He said South Australians should prepare for more severe bushfires.
A number of towns remained at risk from uncontrolled fire burning in scrub and grass, and some roads into the fire zone remained closed, said the state’s Country Fire Service (CFS).
Chief Officer for the CFS, Greg Nettleton, told local media the number one priority for firefighters was to prepare for possible catastrophic weather conditions expected to hit on Wednesday.
“The winds will swing around to the north. At the moment I think they’re predicting somewhere like about 35kph [22mph],” said Greg Nettleton.
“That’s enough given the dryness of the country for the fire to spread, so our number one priority is to secure the outer perimeter of that large fire so it doesn’t impact on further communities.”
An estimated 12,500 hectares of land have been burnt since January 2, according to local media, and firefighters from South Australia, Victoria and New South Wales are battling the fires’ 150 miles perimeter.
Large air tankers are dumping water on the fire front and back-burning operations are underway, where new fires are started in order to burn in the opposite direction to the line of advancing fire.
Of the estimated 1100 properties in the Adelaide Hills, 12 are confirmed destroyed with another 20 believed to have been burnt down. Twenty-two people, mostly firefighters, are reported to have suffered minor injuries.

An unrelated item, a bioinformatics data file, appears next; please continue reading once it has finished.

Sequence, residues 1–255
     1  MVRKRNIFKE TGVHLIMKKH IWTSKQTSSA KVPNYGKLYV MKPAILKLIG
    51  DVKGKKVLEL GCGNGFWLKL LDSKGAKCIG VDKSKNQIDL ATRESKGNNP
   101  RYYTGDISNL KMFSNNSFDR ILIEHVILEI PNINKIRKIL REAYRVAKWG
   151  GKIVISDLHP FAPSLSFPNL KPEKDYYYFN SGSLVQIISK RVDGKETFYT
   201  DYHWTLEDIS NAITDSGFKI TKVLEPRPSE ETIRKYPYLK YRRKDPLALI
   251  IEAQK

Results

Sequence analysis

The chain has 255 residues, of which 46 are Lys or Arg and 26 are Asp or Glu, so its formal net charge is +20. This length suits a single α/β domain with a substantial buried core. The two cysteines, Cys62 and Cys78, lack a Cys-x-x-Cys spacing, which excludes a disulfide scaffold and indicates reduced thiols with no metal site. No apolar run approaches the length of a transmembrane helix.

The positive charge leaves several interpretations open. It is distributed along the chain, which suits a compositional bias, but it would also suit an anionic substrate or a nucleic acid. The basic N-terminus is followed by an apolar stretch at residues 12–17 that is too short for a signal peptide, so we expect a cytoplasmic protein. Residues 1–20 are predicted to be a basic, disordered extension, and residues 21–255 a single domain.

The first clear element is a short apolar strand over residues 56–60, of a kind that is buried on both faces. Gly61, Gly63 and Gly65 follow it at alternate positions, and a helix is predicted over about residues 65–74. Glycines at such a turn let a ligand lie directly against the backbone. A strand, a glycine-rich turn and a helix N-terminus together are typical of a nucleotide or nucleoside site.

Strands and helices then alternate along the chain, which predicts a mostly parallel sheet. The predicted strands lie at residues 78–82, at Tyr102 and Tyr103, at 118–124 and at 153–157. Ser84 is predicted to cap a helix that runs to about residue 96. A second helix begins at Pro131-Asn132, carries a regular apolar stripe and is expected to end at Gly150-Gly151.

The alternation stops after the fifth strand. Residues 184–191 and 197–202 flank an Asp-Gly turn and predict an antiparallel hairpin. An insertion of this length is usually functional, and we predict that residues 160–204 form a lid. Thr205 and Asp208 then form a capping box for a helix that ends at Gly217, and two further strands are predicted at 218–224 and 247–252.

The Insurance Council of Australia has declared the blaze a “catastrophe”, which means insurers can escalate their response, and claims arising from the bushfires should be given priority by insurers.
Australia has been hit with extreme hot weather, with temperatures of over 40C (104F) in some areas, and several bushfire warnings in place.
In Victoria, lightning strikes sparked more than 250 fires on Tuesday night, fire authorities said. A fire ban has been issued across the state.
In Melbourne, a tennis player and a ball boy at the Australian Open collapsed in the heat.
Temperatures in the city remained above 30C for much of Tuesday night.
Country Fire Authority chief officer Euan Ferguson said in a statement: “The extreme temperatures [in Victoria] over the coming three days will test fire services and the community. It’s critical we minimize the risk of any fires before Friday.”
Firefighters have been able to contain most of the fires in the state, although a number of fires remain out of control.
Emergency fire warnings have been issued for the Victoria communities of Yaapeet and Nypo, with fire authorities urging residents to evacuate due to “a fast moving, out of control bushfire travelling in a south easterly direction”.
Australia has been hit with extreme hot weather, with temperatures of over 104F in some areas